Today is the big day. Soon the President will decide whether the U.S. continues our commitment to the international coalition to address the changing climate. I must admit this situation has led me to conclude that I do not have full understanding of how our government works. The notion that the president makes the decision on whether the country commits or withdraws from collective actions to reduce the impact of humans on the atmosphere was somehow contrary to my understanding of how things were done.
I assumed treaties were like other decisions impacting the direction of the country and originated in the legislative branch. The notion that interested parties petition the President in private to make such a decision for the country seems strange in multiple ways. The President does not have the background to make such a final decision. This would be the case with most Presidents, but certainly with this one. At least when the legislative branch commits to a course of action for the country more of the inputs are out in the open and there is more give and take. If there is a scientific case to be made that rejects the impact of humans on climate I would like to review the best evidence for this position.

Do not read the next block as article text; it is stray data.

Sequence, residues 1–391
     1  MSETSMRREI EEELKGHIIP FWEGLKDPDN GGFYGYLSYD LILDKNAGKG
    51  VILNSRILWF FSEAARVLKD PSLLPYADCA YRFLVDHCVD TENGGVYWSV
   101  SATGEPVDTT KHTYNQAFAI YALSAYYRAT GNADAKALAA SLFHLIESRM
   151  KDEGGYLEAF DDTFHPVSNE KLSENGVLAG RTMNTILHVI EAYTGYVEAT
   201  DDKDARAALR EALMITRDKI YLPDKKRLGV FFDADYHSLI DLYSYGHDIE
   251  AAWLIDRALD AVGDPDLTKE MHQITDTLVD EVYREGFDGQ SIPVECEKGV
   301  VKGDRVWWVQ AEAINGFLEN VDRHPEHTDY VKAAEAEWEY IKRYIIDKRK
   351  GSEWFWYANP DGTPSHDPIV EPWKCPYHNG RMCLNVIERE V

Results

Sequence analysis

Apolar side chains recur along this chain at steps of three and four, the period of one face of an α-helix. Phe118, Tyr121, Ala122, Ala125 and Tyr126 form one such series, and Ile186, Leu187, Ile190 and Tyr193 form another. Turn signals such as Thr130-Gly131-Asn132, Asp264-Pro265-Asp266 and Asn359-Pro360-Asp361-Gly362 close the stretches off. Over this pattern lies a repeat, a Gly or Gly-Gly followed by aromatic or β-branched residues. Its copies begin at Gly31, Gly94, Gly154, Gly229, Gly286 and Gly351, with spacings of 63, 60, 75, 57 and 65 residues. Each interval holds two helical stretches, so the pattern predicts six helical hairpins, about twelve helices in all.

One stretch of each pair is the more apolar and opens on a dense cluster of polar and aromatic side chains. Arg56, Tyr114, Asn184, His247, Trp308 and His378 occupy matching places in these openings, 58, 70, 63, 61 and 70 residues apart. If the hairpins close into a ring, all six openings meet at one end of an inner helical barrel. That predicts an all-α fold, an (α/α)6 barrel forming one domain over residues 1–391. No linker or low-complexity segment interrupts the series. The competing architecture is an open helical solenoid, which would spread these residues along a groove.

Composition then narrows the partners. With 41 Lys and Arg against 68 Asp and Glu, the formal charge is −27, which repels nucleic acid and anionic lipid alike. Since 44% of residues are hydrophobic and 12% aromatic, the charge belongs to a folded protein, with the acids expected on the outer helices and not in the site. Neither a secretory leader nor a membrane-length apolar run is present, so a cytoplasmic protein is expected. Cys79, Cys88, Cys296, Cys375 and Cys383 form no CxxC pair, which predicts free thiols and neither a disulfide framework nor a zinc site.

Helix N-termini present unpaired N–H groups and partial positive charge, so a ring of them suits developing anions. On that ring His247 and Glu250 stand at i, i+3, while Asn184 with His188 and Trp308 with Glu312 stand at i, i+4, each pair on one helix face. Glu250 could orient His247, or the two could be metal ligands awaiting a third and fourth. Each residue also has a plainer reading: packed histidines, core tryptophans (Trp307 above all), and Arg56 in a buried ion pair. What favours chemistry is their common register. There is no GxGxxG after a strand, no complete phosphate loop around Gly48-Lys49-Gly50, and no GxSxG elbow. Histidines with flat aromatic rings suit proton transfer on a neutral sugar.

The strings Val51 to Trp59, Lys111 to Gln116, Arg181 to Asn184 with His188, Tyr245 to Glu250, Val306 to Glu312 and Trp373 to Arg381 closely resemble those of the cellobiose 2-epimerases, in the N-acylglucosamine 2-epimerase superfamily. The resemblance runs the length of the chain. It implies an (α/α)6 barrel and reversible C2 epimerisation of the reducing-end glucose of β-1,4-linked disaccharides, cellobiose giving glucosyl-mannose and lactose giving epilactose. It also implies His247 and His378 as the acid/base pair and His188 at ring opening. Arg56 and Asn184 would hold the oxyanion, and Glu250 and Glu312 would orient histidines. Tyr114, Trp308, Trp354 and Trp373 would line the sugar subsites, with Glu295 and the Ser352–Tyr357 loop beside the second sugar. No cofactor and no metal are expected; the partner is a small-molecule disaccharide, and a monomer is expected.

I suppose I react to this issue in a different way than many others because the policy adopted should not to me be a matter of differing values. Since scientists have concluded that human behavior is causing the deterioration of our atmosphere and there are and are going to be long-term negative consequences of such deterioration, it seems wise that this country as the leading polluter and the aspiring world leader should commit to remedial action. I suppose as a policy decision we could decide to ignore the inconvenient truth and continue ignoring the problem. I have ethical, moral, and economic objections to such a course of action. In general, adopting short-term and self-serving goals is not the way you promote yourself as a leader if being recognized as a leader is your goal.